As always, potential spoilers in here for those who haven't seen the episode.
The houses of Stark and Lannister clash when the children act like children and the parents act like parents, in a solid episode that continues to establish the overall arc of the season.
The Kingsroad was a good second episode, I'm fond of episodes that setup what's to come, some aren't as it's more a "filler" but I find it's good that the creative team are trying to tie up loose ends before the journey begins or ends. At the end of the day, you can consider The Kingsroad to be one of the filler eps.
If you read the pilot review, I mentioned the idea of men and power was prevelant through the whole episode. I also talked about how I wanted to see the women of Westeros begin to bring about their unfound power over the men. That presented itself through this episode and the reaction when the women in each of their respective men's lives begins to threaten the very power they hold dear. Well, we get a glimpse of the women of Westeros begin to assert their control over their men, whether they love them or not.
One character I forgot to mention last week was Tyrion Lannister (Peter Dinklage) who played a somewhat pivotal piece in the opening minutes of the episode. His upfront attitude had the rest of the Lannister family scrambling to ensure their secrets, with Cersei and Jaime creating conversation about betrayal for even toying with the thought of incest. Tyrion also backhanded the turd that is heir to the throne, Prince Joffery, which I'll get to in a moment. Tyrion is not just a man who enjoys women, he's extremely intelligent and I'm sure we'll be seeing him utilising that very often in the next few episodes as the lies unfold.
Last week, the final seconds saw Ned's son, Bran, shoved out of a watchtower after catching the Cersei and Jaime making love. This week, Bran lays lifeless in his deathbed, his mother Catelyn at his side and the condolences of many sweeping in. Although the most interesting came from Cersei as a way of assuring Catelyn that everything can work out, but also a directive toward Catelyn to give up hope on the survival of her son.
One problem I had was with Cersei seemingly moving to Catelyn to offer advice and condolences over Bran's ill fate. Although her intentions seem to have an empathetic voice to them, Cersei's underlying character over this and last weeks episode has established her as a bit of a cloak and dagger schemer. I found it hard to empathise with her as she retold her story of her first son to Catelyn. From last week to this week I've noticed the design of Cersei seems to have her as a rather ruthless women that desperately seeks to conceal what has happened in the past and also assert her position within the Kingdom's lineage.
There is a particular moment where Prince Joffery (no spelling mistake) who is part of the Lannister family and a real turd, courts one of the Stark children, Sansa. Finding her tomboy sister Arya duelling the butchers' son at a nearby river. In what is a bit of fun, turns into Joffery showcasing his talents and power over those that are below him. In a bid to show off to Sansa his power over the people, he starts wounding the butchers' son and Arya in all her righteousness defends her friend. However, Joffery quickly defends himself with complete embarrassment after being king hit with Arya's practice stick. In the end, her direwolf ends up axing the Prince after he calls her a "c**t." That's probably why I don't like the guy.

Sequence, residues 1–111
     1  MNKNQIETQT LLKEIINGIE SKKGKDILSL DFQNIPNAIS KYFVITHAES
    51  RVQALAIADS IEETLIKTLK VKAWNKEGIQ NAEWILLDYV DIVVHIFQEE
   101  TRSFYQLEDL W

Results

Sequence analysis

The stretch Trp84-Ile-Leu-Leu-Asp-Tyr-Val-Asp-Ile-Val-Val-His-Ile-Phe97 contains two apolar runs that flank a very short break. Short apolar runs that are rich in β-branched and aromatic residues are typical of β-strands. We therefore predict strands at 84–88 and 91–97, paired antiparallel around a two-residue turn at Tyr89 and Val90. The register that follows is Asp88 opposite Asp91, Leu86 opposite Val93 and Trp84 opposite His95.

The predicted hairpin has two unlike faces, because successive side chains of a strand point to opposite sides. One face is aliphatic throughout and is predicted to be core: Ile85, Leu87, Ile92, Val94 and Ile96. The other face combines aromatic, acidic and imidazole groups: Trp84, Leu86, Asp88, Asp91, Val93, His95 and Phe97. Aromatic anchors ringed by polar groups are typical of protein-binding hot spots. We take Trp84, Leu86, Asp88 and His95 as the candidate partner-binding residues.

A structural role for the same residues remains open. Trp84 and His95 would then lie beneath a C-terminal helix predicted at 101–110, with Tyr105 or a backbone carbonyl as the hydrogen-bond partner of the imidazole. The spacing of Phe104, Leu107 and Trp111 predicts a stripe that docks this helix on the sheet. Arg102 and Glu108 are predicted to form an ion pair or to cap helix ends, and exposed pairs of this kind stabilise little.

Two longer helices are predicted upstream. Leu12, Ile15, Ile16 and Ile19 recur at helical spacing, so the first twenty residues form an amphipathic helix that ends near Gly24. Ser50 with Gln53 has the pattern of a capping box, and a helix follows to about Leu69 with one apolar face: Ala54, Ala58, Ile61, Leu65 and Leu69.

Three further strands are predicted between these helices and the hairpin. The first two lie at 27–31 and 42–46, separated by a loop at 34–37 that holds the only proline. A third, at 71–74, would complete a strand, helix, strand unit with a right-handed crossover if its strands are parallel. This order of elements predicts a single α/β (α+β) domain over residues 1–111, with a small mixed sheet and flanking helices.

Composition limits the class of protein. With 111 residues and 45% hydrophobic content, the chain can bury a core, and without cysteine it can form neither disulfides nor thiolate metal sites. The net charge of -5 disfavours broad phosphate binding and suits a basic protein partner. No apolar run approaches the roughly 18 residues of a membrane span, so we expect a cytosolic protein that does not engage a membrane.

Speaking of dire wolves, they return in this episode with a little more clarity to their purpose, I talked about their foreshadowing of character futures, and to a point they still might be an indication. However we were shown why these wolves are so awesome, they also protect the children in which they are bound. With some very bloody moments where the wolves really get to show their teeth. More of this please, there's a mythos behind the wolves and I'll be interested to see if this is played out any further.
In the end, Bran did survive his watchtower fall, but at a cost of one of the Stark's wolves, which was the twist ending to this week's episode. A twist that wasn't as surprising, but rather heartbreaking, because no-one likes seeing a dog killed because of a turd of an heir to the throne. I really don't like Joffery.
A very solid episode this week, only because I have a soft spot for setup episodes. In this instance, you weren't overloaded with introductory exchanges, but instead invited to travel along with each. There was a good balance of tension between the characters that was coupled with the beginnings of what will be an interesting season - we might not have gone anywhere but it looks like we will be next week.